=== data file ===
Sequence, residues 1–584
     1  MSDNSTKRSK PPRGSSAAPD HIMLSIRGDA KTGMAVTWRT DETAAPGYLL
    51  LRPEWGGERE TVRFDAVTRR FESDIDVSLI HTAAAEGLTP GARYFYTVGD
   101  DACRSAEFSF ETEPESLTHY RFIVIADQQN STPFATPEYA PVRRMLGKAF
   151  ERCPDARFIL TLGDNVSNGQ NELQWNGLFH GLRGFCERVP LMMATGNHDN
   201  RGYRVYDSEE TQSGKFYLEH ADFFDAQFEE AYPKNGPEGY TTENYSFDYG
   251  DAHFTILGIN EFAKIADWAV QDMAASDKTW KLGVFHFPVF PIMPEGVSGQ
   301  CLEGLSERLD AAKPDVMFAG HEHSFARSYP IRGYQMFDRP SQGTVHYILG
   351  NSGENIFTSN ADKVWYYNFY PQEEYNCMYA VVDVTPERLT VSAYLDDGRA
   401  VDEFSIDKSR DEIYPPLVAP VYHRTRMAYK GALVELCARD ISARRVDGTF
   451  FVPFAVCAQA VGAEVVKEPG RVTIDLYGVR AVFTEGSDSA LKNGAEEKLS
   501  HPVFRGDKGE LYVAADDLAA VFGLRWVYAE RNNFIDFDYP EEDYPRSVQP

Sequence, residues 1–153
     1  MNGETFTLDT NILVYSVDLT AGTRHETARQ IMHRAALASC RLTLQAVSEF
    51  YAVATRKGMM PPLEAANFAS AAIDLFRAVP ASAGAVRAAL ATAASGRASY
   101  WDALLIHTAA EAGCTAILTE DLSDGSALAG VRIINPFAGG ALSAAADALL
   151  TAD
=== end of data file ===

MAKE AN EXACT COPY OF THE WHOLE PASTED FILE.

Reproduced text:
Sequence, residues 1–584
     1  MSDNSTKRSK PPRGSSAAPD HIMLSIRGDA KTGMAVTWRT DETAAPGYLL
    51  LRPEWGGERE TVRFDAVTRR FESDIDVSLI HTAAAEGLTP GARYFYTVGD
   101  DACRSAEFSF ETEPESLTHY RFIVIADQQN STPFATPEYA PVRRMLGKAF
   151  ERCPDARFIL TLGDNVSNGQ NELQWNGLFH GLRGFCERVP LMMATGNHDN
   201  RGYRVYDSEE TQSGKFYLEH ADFFDAQFEE AYPKNGPEGY TTENYSFDYG
   251  DAHFTILGIN EFAKIADWAV QDMAASDKTW KLGVFHFPVF PIMPEGVSGQ
   301  CLEGLSERLD AAKPDVMFAG HEHSFARSYP IRGYQMFDRP SQGTVHYILG
   351  NSGENIFTSN ADKVWYYNFY PQEEYNCMYA VVDVTPERLT VSAYLDDGRA
   401  VDEFSIDKSR DEIYPPLVAP VYHRTRMAYK GALVELCARD ISARRVDGTF
   451  FVPFAVCAQA VGAEVVKEPG RVTIDLYGVR AVFTEGSDSA LKNGAEEKLS
   501  HPVFRGDKGE LYVAADDLAA VFGLRWVYAE RNNFIDFDYP EEDYPRSVQP

Sequence, residues 1–153
     1  MNGETFTLDT NILVYSVDLT AGTRHETARQ IMHRAALASC RLTLQAVSEF
    51  YAVATRKGMM PPLEAANFAS AAIDLFRAVP ASAGAVRAAL ATAASGRASY
   101  WDALLIHTAA EAGCTAILTE DLSDGSALAG VRIINPFAGG ALSAAADALL
   151  TAD